Wednesday, April 10, 2013

I is for Irony

This month I'm participating in the A-Z Blogging Challenge. The theme I'm going with this year is writing humor. Follow along to learn more about the different ways to make your fiction, articles or blog posts humorous. 

Source Funnier Than Thou


I had no idea there was such a debate about what is truly ironic and what isn't until I started researching the concept.  And, boy! There are some heated discussions about this word out there. 

So, let's see if I can make any sense of it.

The definition of irony from Merriam-Webster is (pssst! Prepare to be confused.) 

1: a pretense of ignorance and of willingness to learn from another assumed in order to make the other’s false conceptions conspicuous by adroit questioning —called also Socratic irony
2: a) the use of words to express something other than and especially the opposite of the literal meaning
b) a usually humorous or sardonic literary style or form characterized by irony
c) an ironic expression or utterance
3: a) : incongruity between the actual result of a sequence of events and the normal or expected result; an event or result marked by such incongruity
b) incongruity between a situation developed in a drama and the accompanying words or actions that is understood by the audience but not by the characters in the play —called also dramatic irony, tragic irony

Now that's as clear as my windows. (this was my lame attempt at verbal irony...because with this many little ones in the house my windows are wonderfully smudged)
Ok. Let's try this again. 
So, it looks like there are four types of irony. 
#1: Socratic Irony
Apparently Socrates loved to pretend he was ignorant of a subject in order to make the other person in the conversation thoroughly explain it. What a cheeky fellow! So, lucky him, this type of irony is named after him. 
Basically this is playing the fool in order to trick people into saying what you want them to. One example I found of this on-line was the old TV show Columbo. The character pretends to be a unkempt disaster of a detective in order to fool the suspects into revealing their guilt. 
#2: Dramatic Irony
Oh! I've just realized how much I love dramatic irony. This is where the audience or your readers know more about what is going on than the characters in the story, play or movie.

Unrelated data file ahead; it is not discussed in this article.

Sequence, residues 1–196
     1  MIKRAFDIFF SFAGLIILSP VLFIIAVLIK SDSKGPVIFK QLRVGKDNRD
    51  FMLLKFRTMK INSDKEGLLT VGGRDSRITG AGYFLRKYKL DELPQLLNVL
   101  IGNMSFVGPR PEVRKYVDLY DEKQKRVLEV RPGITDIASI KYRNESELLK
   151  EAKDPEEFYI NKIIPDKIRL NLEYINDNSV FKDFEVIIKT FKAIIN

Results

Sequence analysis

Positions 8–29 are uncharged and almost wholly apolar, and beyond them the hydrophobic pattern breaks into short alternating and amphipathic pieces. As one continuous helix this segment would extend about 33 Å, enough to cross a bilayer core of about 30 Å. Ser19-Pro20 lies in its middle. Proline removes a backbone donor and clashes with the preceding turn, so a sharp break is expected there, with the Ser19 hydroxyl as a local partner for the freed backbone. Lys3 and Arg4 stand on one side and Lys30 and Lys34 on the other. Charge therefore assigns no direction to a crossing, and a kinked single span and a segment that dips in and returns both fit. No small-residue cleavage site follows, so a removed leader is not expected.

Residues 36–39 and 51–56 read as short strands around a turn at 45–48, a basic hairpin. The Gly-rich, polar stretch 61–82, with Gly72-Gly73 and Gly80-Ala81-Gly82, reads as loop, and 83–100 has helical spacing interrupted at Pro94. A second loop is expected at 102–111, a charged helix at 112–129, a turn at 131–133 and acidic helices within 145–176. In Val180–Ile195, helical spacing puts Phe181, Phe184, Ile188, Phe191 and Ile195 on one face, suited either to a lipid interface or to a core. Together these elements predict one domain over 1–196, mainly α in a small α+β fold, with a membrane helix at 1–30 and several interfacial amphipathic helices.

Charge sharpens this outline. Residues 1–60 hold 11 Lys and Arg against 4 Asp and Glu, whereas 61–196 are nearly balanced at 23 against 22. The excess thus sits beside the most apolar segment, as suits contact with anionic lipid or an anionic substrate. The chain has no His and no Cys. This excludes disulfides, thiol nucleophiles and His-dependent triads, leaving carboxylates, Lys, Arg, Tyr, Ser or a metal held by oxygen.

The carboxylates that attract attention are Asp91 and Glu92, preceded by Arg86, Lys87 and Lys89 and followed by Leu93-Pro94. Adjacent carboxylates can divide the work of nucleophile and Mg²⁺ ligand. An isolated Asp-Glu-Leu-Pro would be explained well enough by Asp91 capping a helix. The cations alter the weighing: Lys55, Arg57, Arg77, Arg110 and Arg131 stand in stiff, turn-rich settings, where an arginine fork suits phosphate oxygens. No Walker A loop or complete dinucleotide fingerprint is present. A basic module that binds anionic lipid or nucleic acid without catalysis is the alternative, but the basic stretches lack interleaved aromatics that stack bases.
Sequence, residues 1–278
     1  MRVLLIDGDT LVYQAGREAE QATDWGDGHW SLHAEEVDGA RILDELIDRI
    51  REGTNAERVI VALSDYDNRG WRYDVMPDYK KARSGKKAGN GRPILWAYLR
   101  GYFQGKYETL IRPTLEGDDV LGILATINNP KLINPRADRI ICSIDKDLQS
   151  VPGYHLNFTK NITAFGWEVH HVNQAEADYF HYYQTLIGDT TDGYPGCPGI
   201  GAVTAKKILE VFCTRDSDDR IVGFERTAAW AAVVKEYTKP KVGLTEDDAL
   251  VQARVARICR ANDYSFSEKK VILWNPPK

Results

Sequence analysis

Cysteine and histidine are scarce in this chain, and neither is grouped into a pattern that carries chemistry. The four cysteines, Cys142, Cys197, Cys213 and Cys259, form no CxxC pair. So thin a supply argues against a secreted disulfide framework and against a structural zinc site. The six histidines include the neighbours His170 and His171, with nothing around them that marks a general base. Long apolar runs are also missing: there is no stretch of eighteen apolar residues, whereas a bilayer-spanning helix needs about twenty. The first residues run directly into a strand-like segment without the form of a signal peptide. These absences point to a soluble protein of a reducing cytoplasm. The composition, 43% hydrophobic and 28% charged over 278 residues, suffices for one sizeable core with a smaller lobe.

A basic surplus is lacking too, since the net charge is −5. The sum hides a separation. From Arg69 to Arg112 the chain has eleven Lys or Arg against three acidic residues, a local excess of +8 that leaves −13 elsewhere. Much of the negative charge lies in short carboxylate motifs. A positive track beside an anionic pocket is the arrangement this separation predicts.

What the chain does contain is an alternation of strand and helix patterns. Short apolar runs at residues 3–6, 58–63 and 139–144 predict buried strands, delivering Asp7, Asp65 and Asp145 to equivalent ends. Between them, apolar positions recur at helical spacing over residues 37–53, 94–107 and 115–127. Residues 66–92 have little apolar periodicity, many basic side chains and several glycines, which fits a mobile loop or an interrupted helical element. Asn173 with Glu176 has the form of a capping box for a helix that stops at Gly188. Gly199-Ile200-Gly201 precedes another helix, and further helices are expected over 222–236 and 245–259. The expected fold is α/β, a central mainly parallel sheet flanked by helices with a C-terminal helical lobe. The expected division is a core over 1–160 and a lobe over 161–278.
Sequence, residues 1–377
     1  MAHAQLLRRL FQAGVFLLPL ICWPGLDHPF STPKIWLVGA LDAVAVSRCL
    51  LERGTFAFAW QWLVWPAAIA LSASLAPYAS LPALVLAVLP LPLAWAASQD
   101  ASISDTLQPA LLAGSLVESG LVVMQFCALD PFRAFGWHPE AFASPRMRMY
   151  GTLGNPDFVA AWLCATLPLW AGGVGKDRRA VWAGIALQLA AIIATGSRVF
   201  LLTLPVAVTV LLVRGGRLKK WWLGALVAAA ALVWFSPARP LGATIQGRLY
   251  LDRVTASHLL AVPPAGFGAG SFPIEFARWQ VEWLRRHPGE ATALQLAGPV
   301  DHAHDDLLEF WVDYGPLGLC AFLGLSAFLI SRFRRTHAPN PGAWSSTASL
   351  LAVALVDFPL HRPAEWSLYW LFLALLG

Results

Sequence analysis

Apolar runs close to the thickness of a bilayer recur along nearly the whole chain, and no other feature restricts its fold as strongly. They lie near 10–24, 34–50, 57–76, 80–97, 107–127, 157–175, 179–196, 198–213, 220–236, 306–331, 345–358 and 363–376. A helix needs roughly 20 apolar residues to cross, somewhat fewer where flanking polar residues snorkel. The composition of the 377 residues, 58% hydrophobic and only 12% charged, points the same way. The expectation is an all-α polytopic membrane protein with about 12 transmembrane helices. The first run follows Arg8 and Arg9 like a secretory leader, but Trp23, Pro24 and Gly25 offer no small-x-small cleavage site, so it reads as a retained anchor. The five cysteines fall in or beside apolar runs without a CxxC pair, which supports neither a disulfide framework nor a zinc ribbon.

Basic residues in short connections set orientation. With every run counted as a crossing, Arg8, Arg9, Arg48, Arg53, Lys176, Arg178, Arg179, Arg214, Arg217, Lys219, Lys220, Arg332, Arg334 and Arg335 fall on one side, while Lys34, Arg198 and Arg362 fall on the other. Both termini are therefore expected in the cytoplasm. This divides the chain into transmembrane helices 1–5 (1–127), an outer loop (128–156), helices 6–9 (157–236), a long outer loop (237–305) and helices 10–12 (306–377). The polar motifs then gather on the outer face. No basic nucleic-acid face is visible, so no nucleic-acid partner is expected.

One of my favorite examples of this type of irony is from the play The Foreigner. The main character, Charlie Barker is a shy man staying at a lodge. His friend, in order to make him feel more comfortable, tells the owner of the lodge that Charlie is from a foreign country and can't understand English. As a result, the people staying in the lodge carry on, talking around Charlie as if he isn't even ther. Oh! The secrets he hears! It is such a great play. 
#3: Situational Irony
So, this one is pretty easy. This type of irony occurs when you expect one outcome but get something different, or completely opposite. 
An example of this would be the person who sidesteps a puddle of water only to move into a neighbor's yard and get blasted with the sprinklers. 
#4: Verbal Irony
This is when you say one thing, but mean the opposite. Sarcasm is a form of verbal irony...well, actually there is some debate about that. But it seems the majority of people think it is. 
So, an example of verbal irony would be in Shrek when Donkey says, "Can I stay with you?" Shrek responds, "Of course!" 
"Really?" Donkey says. 
And Shrek says, "No." 
Did that clear anything up for anyone? 
One really great and easy-to-wrap-your-brain-around definition of irony I found on-line was in a comment thread from a discussion about irony on Daily Writing Tips. 
The commenter, Mike said, "Irony can be understood by imagining first that there are two audiences. In an ironic situation, something is said (or happens) whose significance is understood differently by each audience. The first audience is ignorant, and can only appreciate the event on superficial or literal grounds. Irony arises by assuming a second audience that is “in the know”, which understands the deeper significance of the event."
With that definition I don't think the Shrek example actually works as verbal irony. Hmmmm....I'll have to think about that a bit more. 
So, did you already understand irony? Or were you clueless like me? Do you think I got the definitions right? Do you use irony in your writing? 


  1. The cartoon is awesome.

    I am a big fan of verbal irony, though I never thought about it until I read your post.

  2. That image was the best choice for this topic. Socratic and Situational irony are my faves.

  3. Well, I use sarcasm in my writing occasionally. I thought I had a decent grasp on irony, but now I'm not so sure! LOL! I may have to come back and reread this later.

    Lyre at Lyre's Musings

  4. Oooo, I like your theme. I'm going to have to click back and see what I've missed =)